Two comedy icons making an exit

Two comedy icons making an exit

Two comedy icons making an exit
April 15
09:22 2014

Joshua Knopp // Senior Staff Writer

Earlier this month, late night television lost an icon when David Letterman announced he would be retiring next year.

A week later, CBS announced Stephen Colbert’s move to take Letterman’s place.

Normally, giving the paragon of political satire a bigger timeslot and a broader audience would be a welcome change. But with the announcement came the catch: Colbert will be retiring the “Colbert Report” character that made him famous.

In Colbert’s own words, “NOOOOOOO!!!”

Good God, is he going to start pronouncing the “T” at the end of his name now?

In hindsight, it was ridiculous to think that Colbert’s antics on his show were genuine. Painting himself as a caricature of conservative talk-show hosts, the fiercely anti-intellectual Colbert became the perfect hybrid of a cultural icon and a cult leader.

His antics were borderline psychotic at times, and they had real-world consequences. He campaigned for U.S. president both years he was on air for an election, and more recently developed a Super PAC to expose the insanely legal corruption surrounding campaign financing.

In what is, if you think about it, the most epic acting performance of all time, the man has stayed in character for almost a solid decade, and outside of a seven-year stint on “The Daily Show,” which he spent developing that character, he hasn’t done much else. He’s written two books, received an honorary doctorate and hosted the White House Correspondents Dinner all in character. It begs the question — if he’s going to be himself, why hire him at all?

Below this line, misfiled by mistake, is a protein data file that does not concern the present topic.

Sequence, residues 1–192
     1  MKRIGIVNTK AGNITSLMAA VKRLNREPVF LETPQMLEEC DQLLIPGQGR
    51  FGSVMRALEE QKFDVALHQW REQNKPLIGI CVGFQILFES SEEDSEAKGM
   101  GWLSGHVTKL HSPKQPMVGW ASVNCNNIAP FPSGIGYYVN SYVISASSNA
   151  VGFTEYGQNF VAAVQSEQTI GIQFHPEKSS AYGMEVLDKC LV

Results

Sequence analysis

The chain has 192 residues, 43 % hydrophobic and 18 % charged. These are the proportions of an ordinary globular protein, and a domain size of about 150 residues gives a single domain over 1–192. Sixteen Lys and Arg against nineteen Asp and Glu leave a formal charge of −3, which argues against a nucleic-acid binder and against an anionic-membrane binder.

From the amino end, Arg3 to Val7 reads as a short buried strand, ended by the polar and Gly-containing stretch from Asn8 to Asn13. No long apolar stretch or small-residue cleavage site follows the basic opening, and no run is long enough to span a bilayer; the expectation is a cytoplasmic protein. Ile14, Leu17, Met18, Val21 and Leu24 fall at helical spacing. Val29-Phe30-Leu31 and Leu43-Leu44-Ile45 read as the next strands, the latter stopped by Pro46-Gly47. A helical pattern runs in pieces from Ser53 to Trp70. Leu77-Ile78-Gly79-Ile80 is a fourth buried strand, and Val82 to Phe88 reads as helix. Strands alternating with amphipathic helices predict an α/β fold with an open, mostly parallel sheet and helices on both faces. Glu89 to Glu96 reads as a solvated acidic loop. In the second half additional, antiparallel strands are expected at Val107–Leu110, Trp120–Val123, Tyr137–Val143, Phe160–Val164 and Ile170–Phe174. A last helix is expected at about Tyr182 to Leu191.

This was the man who raised more than a million dollars as a joke. This was the man who ruined Wikipedia when he argued that viewers should alter reality by altering the user-generated knowledge base, resulting in red tape between the average internet user and editing the website. This was the man who told George Bush to his wrinkly little face that his approval rating was “backwash” on national television in front of a host of political figures and media members and left that face smiling.

And this is not the man who will be taking over for Letterman, and no one has any idea who will be.

Colbert first came to the public light in 1997, and since then he has never been far from the bizarre mix of idiocy and deep insight he represents on his show. CBS is taking a huge gamble on the strength of Colbert’s name, but not what made that name.

Late night enthusiasts will be left holding the bag, having lost not one but two of the most influential talk show hosts of the past decade.

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